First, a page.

THE SAME-SEX MARRIAGE DEBATE

Marriage is no place for me-too-ism

Let's go back to the beginning. Why does anyone deserve the protection offered by legally-recognised marriage?
Tim Cannon | Nov 24 2010 | comment  



The Age / MelbourneThe past few weeks have seen a veritable rainbow flurry of activity around the issue of same-sex marriage in Australia. As promised prior to his recent election, Adam Bandt – the first member of Australia’s Legislative Assembly to hail from the hard-left, environmentalist Greens party – wasted no time in introducing a motion on the theme of marriage equality, as the Greens continue their push to have gay marriage recognised under Australian law

Bandt’s motion itself was strangely toothless, simply directing MPs to gauge constituents’ views on same-sex marriage, and to report back to parliament. As has been pointed out by various prominent commentators, this amounts to no more than directing politicians to do their ordinary job of representing constituents.

Nevertheless the issue has once again consumed headlines and parliamentary sitting time, and has exposed a deep rift within the governing Labor party. Unfortunately, amidst all of the overblown media hoopla – including interjections from one of Australia’s most famous gay exports, actress Portia DeGeneres (nee De Rossi) – the quality of the debate has at times been less than robust.

Such was certainly the view of same-sex rights campaigner Professor Kerryn Phelps, who authored an opinion piece arguing that the case put forward by defenders of traditional marriage is devoid of substance. To some extent, Professor Phelps is right: too many opponents of same-sex marriage seem to think that mere assertion is sufficient: “marriage is between a man and a woman because that’s just how it is”. However a closer inspection of the case for same-sex marriage reveals it to be equally lacking in intellectual rigour.

Indeed, although the human-rights based arguments of the likes of Professor Phelps are neat, and on the surface, quite convincing, I’m not convinced. To the contrary, when I hear activists passionately arguing in favour of same-sex marriage, I feel like I’ve walked in on a conversation half way through. Or rather, it’s like starting a logical syllogism from the middle, without bothering to test the premises. In the same-sex marriage debate, everyone seems to assume that marriage is somehow valuable, but no one in the same-sex marriage camp is bothering to explain why.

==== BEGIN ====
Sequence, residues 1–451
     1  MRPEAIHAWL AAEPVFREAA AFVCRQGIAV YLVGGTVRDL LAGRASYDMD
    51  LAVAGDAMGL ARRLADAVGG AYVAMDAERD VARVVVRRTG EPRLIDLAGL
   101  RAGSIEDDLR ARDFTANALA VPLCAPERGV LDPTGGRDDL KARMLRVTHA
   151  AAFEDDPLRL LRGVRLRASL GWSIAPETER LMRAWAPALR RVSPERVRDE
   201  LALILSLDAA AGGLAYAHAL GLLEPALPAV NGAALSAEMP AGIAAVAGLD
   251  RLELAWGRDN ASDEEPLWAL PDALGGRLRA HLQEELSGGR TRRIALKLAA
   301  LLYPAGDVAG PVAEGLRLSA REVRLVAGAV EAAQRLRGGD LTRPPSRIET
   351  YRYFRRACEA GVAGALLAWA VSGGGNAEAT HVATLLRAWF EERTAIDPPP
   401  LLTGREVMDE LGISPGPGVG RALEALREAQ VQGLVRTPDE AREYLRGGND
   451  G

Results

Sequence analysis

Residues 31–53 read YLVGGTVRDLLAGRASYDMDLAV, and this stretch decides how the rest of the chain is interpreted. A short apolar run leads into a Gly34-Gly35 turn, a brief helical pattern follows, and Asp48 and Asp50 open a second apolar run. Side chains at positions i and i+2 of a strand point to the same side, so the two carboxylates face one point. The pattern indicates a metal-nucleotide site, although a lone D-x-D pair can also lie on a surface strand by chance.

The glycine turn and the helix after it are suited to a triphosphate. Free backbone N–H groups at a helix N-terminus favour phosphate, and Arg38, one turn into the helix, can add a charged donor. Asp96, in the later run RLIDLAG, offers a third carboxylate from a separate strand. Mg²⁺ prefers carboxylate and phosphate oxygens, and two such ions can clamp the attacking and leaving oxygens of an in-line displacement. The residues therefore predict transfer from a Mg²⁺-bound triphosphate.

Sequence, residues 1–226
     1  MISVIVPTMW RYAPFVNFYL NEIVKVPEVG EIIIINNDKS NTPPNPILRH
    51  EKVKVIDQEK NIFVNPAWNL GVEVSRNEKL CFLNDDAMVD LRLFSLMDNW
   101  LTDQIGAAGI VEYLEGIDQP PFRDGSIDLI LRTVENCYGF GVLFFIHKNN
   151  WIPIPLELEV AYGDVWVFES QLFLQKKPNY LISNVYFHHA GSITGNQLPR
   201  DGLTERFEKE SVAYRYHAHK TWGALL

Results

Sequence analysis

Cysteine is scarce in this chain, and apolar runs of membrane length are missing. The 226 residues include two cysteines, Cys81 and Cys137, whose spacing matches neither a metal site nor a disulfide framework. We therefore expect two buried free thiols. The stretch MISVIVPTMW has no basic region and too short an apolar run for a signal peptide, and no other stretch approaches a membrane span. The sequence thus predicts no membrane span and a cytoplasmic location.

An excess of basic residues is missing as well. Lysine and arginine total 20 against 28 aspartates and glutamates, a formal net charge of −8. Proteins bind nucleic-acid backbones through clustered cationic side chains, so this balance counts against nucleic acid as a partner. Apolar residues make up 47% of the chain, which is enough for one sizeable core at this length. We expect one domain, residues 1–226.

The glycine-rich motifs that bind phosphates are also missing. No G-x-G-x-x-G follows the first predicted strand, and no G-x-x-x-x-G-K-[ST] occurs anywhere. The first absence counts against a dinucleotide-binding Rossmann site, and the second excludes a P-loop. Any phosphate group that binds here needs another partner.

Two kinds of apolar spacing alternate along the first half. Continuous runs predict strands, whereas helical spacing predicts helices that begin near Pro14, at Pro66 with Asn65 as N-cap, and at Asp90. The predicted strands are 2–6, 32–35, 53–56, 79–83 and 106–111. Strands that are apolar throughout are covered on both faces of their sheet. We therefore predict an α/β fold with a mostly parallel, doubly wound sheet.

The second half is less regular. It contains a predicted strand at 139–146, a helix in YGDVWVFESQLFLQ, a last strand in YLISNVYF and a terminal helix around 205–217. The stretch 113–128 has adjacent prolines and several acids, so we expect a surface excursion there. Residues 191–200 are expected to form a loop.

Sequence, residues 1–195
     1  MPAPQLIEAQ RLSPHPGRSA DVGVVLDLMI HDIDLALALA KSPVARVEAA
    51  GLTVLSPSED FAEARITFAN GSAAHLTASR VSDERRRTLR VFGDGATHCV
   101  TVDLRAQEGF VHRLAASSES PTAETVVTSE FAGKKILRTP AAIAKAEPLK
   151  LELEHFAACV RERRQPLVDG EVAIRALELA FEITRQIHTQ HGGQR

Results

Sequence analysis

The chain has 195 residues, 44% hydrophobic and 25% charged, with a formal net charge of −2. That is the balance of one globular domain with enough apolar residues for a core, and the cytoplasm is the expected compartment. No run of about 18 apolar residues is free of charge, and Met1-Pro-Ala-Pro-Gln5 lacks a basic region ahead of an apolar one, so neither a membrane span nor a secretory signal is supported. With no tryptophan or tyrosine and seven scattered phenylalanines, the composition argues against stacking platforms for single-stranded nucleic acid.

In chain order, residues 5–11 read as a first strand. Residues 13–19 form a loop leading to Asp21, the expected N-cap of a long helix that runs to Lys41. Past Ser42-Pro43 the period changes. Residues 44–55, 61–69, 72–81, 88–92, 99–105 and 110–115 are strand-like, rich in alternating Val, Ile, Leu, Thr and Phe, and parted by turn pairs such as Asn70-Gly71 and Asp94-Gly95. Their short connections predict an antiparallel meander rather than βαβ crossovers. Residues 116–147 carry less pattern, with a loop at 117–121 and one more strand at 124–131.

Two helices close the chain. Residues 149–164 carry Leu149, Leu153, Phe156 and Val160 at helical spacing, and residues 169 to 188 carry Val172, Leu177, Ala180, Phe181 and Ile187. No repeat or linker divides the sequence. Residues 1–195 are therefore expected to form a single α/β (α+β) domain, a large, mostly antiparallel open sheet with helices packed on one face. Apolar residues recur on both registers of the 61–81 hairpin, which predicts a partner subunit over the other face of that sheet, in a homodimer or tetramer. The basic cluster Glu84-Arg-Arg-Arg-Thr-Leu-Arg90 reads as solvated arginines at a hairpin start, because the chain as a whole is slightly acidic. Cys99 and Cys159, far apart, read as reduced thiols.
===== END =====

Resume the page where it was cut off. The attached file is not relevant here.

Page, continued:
We need to go back to the beginning. Before you start telling me that refusing to recognise same-sex marriage is a breach of human rights, you need to explain what you understand marriage to be, and why you think it’s a good idea in the first place. You need to explain what the key characteristics of marriage are (or should be), and why each of those characteristics is essential. You need to explain why you think it is appropriate that marriage should form part of our legal framework at all. 

In short, you need to justify – from scratch – this strange public institution by which you would have two persons publicly promise to remain exclusively faithful to one another for their entire lives, for better or for worse. In any other context, such an all-encompassing promise would be regarded with suspicion, incredulity, even cynicism. In this debate, we can’t keep ignoring the proverbial pink elephant in the room.

From a secular point of view, marriage is looking decidedly dishevelled. Lifelong? Not in the age of the pre-nup. Exclusive? Er, no; apparently having an affair can be good for you and your spouse. For better or worse? Thanks, but an e-divorce sounds more convenient. Under such strain, there seems to be a stronger case for giving marriage the flick, rather than expanding its scope. Even more perplexing is the fact that the push for same-sex marriage draws heavily on the efforts of the socialist left. Reporting on a same-sex marriage rally in August last year, Melbourne’s daily broadsheet The Age relates: